There is a short two mile section that takes you around the lake. My plan was to run a bit and then take a dip in the water. Unfortunately I never got around to jumping in the lake. This was extraordinarily stupid on my part. Jumping in cold water can greatly help manage heat in these types of situations assuming of course that you are not already suffering from heat exhaustion or heat stroke. Since I was suffering from nothing more than tired legs and a slightly overheated body I should've been taking every opportunity to dunk myself. I didn't do this, felt even worse when I got back to the aid station and was only able to eat a half of a graham cracker before heading out for a short downhill to the third climb.
This section was miserable. I walked...I stood there...I sat on the side of the road. I arrived at the water only aid station and was convinced I was done. Fortunately there wasn't any place to bail. I scraped myself together and death marched my way to the mile 52 aid station. This was probably the slowest section of the race for me. I ran in to a family heading into the aid station that was upbeat and cheered me in. The dad told me he ran the race last year and was equally miserable at this point and was able to turn his race around. I wasn't overly optimistic. Sitting down yet again I was convinced my race was over. The volunteers again scraped me up off the ground, convinced me to eat some grilled cheese and low and behold I felt reborn...like a phoenix rising from the ashes on a cheese induced high. I actually ran most of the section up to the lookout tower and then blew down the hill.
The sun set, I settled in with a fellow runner heading out of the aid station and made my to the next major aid station. (Dutchman Peak at mile...67+...I can't remember) Temperatures were now cool and I was locked into a walk/run with a group. I realized I should've been doing this from the beginning but as stated above...I like to run and I'm determined one day to RUN most of a hundred mile race. About a mile outside of Dutchman peak my energy levels tanked and I was yet again convinced my day was done. This was the last time I would feel this horrible.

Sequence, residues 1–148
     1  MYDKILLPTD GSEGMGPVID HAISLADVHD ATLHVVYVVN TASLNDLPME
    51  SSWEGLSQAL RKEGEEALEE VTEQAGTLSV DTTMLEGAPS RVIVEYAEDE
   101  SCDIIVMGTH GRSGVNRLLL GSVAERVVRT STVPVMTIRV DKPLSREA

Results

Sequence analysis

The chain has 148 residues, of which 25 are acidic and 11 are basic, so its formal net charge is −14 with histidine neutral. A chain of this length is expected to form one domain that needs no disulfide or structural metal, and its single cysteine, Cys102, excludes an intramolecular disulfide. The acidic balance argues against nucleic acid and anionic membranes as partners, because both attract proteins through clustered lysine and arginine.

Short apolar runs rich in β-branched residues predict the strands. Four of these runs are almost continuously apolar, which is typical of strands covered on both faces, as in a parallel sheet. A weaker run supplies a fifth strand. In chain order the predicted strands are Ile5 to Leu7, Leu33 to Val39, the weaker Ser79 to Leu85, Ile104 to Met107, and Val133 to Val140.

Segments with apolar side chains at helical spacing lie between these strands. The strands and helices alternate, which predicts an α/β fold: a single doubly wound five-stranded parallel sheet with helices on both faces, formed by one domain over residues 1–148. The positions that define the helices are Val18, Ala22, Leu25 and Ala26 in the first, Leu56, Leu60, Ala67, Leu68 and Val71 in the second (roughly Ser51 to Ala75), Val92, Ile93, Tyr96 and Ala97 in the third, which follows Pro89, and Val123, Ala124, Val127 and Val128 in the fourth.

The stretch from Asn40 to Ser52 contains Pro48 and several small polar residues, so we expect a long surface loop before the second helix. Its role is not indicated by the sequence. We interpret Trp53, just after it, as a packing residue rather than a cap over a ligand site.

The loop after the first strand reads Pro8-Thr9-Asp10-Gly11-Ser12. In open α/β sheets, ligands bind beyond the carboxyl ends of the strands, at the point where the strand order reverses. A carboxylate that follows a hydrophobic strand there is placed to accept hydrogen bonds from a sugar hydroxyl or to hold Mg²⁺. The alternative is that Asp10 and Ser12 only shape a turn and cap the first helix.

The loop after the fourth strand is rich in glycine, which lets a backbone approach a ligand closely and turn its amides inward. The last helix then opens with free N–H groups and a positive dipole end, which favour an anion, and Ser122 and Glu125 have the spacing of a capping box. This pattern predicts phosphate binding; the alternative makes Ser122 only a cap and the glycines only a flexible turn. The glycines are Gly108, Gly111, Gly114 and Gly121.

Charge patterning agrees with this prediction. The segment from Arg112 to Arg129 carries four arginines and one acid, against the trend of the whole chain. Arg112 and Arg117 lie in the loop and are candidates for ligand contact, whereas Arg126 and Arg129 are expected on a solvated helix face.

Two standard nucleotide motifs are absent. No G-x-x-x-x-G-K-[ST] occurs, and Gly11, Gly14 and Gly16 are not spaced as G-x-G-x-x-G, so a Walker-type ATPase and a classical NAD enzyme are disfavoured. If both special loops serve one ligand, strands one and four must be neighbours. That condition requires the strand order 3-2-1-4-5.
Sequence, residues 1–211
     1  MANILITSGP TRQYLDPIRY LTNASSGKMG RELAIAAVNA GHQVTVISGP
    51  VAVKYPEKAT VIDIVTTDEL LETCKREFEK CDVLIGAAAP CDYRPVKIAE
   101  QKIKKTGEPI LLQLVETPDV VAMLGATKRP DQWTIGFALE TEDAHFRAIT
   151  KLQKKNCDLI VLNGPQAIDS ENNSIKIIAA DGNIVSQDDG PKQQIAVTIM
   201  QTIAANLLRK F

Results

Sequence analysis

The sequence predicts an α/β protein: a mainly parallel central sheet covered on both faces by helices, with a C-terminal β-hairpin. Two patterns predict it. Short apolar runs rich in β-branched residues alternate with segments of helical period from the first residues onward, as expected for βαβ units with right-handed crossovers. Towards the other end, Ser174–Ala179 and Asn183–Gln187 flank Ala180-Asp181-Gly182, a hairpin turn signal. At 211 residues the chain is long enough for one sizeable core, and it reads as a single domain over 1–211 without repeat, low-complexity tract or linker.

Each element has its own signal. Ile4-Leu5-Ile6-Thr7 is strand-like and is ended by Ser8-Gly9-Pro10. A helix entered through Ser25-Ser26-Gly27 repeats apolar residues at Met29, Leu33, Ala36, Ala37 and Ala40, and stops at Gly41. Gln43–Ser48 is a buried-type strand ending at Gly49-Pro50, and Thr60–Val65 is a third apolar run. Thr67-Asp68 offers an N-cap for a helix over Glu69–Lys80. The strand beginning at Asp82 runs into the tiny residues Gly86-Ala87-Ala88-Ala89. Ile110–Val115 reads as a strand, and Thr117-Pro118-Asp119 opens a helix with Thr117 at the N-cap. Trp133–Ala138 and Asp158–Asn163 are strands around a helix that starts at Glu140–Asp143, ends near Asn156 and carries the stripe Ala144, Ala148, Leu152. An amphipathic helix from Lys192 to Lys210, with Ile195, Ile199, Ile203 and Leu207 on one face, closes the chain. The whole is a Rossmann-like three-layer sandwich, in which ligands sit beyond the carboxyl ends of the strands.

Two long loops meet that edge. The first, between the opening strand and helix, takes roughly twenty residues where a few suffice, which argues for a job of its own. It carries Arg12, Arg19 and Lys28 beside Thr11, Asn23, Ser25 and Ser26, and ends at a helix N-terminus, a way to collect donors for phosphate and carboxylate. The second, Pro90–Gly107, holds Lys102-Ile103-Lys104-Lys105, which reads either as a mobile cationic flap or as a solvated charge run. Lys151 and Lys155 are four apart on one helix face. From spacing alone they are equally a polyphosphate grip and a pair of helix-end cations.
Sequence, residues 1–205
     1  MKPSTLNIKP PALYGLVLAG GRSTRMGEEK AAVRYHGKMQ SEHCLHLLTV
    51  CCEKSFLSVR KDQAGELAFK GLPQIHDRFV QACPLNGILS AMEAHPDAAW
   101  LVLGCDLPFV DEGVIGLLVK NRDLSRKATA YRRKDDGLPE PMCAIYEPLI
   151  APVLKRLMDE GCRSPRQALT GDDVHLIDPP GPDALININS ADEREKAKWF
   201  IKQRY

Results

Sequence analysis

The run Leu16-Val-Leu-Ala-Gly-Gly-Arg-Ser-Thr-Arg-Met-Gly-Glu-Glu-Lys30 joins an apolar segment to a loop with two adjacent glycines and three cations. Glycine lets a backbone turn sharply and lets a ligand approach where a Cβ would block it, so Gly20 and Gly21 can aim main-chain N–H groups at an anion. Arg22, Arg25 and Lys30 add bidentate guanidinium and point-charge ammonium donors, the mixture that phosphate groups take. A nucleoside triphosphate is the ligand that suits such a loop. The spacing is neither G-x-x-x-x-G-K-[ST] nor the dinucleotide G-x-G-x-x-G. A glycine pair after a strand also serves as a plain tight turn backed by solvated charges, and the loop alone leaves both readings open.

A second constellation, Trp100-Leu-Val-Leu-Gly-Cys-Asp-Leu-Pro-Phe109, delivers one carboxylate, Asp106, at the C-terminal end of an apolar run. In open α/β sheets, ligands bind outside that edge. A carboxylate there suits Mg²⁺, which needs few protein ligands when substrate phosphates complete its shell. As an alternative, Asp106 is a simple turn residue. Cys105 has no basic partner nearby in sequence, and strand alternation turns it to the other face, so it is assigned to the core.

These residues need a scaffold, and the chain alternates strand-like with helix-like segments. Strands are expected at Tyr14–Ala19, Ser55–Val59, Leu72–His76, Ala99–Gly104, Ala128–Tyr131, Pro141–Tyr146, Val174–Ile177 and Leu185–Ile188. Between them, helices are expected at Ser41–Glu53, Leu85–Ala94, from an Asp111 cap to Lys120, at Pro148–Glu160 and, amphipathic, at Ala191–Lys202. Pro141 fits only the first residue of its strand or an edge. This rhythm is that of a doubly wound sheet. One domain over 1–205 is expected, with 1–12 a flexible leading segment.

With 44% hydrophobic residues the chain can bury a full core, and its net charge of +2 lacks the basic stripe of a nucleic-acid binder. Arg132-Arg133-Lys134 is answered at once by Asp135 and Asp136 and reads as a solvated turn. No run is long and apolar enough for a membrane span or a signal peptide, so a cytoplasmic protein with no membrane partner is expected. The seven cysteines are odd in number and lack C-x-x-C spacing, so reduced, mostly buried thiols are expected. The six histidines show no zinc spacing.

The volunteers at Dutchman peak were miracle workers. I hadn't eaten for about an hour and was pretty foggy from a lack of calories. They sat me down, warmed me up, gave me food and then provided a huge mental boost. I have no idea who talked me into moving on but I will be eternally thankful for this person. When I was down in the dirt and had zero confidence they had enough to convince me that I could not only keep going, but finish the race running. I finally got out of the aid station and kept this with me for the next 30 miles. I ran through a moonrise and set, a sunrise, a scramble to the top of a little lookout and then a killer downhill into Ashland Oregon. Those last 30 miles were some of the greatest I've ever experienced...low points and all. I owe much of that to the folks that propped me up and gave me the confidence I needed to finish this thing off. Lesson learned...misery in 100 milers is oftentimes temporary.
The finish was rad. Hal was there cheering everybody on, snapping off pictures and was even able to chat with us for a bit after we finished. I quickly made my way to a cot, ate some food, laid down for a bit...then cleaned up, collected my buckle and hopped in a car for a seven hour drive back to Seattle. Thanks to Marc and Doug for coming down to Ashland...and driving my semi broken self back to Seattle.
So there you have it...an extremely late race report from Pine to Palm. Maybe I'll blog a bit more this year. Hopefully I'll brew some more beer soon...just need to get through this gluten free month. In the meantime enjoy these pictures of my kiddo and puppy!
|Pippa doing her stretches|
|I'm a walking advertisement for Seven Hills...is Linley Impressed?|